Lesson Plan : Multiplying With Style

Teacher Name:
 Caroline Coleman
 Grade 4

 Helping students learn how to retain their multiplication facts by using their most effective learning style.
  This lesson is intended for students who already understand the concept of multiplication and how it relates to addition. They should also be able to recognize words pertaining to this skill such as, product and factors.
 The goal for this lesson will be to help students understand the importance of knowing their basic multiplication tables, and to be able to help them find an effective method that adapts to their learning style.
 Students will be able to multiply efficiently and accurately with single-digit whole numbers. Students will be able to develop a voice about the knowledge that they have attained and undergo peer review of such. The students will be able to recognize the sounds of language such as in alliteration, rhyme, or repetition. The students will be able to create mental images and apply them through the media of drawing.
 paper, crayons, pencils, sand paper, Play Dough.
 The teacher will be begin the lesson by telling about an instance in the past when he or she has needed to know how to multiply in a real world situation. Students will then spend a couple of minutes on their own, brainstorming about situations in which knowing how to multiply might help them. The class will then discuss answers together as one group.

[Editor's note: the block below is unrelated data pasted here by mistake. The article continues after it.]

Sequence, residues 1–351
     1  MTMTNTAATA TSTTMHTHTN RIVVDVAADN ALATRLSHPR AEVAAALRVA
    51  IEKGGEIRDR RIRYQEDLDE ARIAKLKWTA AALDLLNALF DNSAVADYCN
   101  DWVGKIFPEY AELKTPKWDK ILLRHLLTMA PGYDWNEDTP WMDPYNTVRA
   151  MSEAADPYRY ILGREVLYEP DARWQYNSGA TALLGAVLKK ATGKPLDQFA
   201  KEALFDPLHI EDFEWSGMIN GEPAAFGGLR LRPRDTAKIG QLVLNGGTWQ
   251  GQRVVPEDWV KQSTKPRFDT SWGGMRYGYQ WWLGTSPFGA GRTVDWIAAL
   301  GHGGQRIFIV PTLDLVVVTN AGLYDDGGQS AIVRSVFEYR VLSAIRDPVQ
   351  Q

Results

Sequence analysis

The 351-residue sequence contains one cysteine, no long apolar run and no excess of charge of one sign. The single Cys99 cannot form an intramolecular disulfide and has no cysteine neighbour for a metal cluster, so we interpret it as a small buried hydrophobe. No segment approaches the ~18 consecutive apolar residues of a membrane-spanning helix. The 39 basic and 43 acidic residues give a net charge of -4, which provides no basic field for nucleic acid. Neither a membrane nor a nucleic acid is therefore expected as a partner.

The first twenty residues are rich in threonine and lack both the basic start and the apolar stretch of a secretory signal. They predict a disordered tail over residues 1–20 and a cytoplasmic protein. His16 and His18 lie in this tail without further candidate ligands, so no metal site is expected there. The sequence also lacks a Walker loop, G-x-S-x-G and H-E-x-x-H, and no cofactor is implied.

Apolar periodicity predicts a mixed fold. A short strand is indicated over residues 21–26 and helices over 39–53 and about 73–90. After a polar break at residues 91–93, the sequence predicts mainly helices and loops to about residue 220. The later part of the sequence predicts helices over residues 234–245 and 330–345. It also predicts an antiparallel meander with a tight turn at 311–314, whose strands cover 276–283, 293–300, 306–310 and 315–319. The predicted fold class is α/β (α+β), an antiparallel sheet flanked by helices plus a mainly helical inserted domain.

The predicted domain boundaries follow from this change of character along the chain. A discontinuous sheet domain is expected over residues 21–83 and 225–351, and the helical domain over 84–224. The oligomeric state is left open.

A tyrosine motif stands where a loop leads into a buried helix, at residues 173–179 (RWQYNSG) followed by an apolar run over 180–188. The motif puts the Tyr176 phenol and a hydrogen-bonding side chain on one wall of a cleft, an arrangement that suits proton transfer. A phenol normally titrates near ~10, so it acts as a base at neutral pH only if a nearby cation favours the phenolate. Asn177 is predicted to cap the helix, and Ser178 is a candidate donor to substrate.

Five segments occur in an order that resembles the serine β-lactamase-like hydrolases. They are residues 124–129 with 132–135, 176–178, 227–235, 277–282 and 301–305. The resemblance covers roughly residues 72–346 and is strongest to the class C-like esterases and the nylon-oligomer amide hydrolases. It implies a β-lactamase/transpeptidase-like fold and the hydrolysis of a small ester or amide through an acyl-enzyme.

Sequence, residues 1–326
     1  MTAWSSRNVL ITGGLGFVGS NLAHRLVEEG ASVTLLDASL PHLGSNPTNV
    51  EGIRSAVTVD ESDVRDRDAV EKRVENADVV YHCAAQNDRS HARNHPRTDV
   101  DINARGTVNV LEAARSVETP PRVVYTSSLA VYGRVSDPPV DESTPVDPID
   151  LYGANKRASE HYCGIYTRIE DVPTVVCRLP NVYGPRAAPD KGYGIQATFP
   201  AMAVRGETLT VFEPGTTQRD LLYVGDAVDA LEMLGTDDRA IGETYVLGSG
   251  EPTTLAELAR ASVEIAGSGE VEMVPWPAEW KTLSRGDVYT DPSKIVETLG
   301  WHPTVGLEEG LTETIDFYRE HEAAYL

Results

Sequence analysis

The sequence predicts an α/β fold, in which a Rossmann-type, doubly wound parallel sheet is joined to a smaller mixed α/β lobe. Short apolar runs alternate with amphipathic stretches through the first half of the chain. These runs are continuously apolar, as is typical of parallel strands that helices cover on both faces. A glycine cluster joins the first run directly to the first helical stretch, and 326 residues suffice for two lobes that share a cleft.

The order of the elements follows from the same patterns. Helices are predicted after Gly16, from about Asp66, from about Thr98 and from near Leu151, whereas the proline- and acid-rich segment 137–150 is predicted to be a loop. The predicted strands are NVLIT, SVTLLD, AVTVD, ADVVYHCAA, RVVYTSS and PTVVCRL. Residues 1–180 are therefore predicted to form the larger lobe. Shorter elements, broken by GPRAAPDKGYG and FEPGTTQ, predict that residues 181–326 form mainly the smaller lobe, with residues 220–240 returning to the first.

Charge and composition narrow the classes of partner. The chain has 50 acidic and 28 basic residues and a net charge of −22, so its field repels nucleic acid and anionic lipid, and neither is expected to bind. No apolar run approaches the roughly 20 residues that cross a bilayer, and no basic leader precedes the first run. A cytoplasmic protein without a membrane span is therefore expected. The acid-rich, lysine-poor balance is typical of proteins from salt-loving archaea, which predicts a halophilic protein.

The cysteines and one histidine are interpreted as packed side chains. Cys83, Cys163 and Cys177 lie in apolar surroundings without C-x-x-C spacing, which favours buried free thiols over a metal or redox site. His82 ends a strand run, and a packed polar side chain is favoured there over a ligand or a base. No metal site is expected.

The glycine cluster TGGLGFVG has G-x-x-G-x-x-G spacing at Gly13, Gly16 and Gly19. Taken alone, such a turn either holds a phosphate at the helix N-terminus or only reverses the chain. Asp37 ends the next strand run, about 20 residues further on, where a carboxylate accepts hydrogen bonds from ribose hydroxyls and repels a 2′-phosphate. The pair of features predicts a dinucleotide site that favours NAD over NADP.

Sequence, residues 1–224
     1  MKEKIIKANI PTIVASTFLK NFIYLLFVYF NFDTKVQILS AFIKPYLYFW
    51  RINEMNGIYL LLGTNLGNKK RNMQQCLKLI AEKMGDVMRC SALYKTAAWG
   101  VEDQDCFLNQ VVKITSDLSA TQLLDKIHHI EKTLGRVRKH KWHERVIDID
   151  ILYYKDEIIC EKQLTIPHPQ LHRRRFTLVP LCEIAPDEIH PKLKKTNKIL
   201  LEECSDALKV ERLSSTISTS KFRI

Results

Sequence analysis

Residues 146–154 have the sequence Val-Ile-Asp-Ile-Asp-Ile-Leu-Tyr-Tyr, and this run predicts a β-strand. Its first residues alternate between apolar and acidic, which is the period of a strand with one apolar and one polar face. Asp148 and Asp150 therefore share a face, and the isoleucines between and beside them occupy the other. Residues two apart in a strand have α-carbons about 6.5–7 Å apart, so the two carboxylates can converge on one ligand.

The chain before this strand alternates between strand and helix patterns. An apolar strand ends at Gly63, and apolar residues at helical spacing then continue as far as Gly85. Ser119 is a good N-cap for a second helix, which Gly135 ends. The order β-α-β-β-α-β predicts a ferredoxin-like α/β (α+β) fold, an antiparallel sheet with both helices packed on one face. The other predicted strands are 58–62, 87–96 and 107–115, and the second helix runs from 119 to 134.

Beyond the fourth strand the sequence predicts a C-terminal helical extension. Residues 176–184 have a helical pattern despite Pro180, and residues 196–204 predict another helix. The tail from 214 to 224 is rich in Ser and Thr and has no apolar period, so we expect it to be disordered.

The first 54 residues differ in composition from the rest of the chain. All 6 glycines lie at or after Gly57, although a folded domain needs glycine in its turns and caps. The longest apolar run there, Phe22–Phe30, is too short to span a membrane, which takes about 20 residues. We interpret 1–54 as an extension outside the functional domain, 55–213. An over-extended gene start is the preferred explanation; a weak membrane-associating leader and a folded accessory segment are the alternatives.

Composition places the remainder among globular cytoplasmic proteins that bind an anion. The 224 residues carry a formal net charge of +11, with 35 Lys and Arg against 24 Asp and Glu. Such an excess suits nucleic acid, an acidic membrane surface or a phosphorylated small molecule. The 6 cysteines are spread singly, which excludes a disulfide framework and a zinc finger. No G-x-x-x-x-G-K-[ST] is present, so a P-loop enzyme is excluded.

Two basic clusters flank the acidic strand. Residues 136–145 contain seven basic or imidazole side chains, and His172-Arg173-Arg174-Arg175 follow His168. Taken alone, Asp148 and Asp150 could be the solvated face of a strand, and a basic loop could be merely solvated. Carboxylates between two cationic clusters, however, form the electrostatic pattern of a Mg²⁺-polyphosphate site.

The teacher will use the results of the class discussion to prove the importance of knowing how to multiply effectively. The teacher will then explain that all students learn in different ways and many of those ways are through one or more of the five senses. (The teacher should already have an idea of how each of the students learns best). The teacher will then demonstrate ways of learning the multiplication tables through each of the senses.
 Next, students will be placed in groups,based on their particular learning style. The visual group will be given paper and crayons to draw pictures that depict each fact. For example: They might draw a picture of three mice with three tails each to represent 3X3=9. The auditory group will create a set of lyrics, using their assigned facts, to replace the words of a familiar song. The auditory group will explore different methods to associate touch with learning their tables. For example: They might learn that writing on the table, using their finger as an imaginary pencil, could help them put a picture of the fact in their minds. This group will also be provided with other manipulatives such as play dough, sand paper, etc.
 Differentiated instruction will be provided by giving each student the opportunity to retain their multiplication facts based on the method of learning that works best for them.
Checking For Understanding:
 The visual students will share their results by creating book of their pictures. The auditory group will share their lyrics by teaching the class the song that they have written. The sensory group will share their results by inviting the other gruops to their table to explore the different ways of "feeling through the tables".
 The teacher will remind students that knowing how to multiply is necessary to be able to solve real world problems in math. The teacher will explain that practice is imperative to learning how to multiply effectively and that this task can be much easier if students practice by using the learning style that works best for them.
 The teacher assess the student´┐Żs knowledge in this area by giving frequent written tests over the tables. Flash cards and computer games pertaining to multiplication can also be an effective means of practice and assessment.
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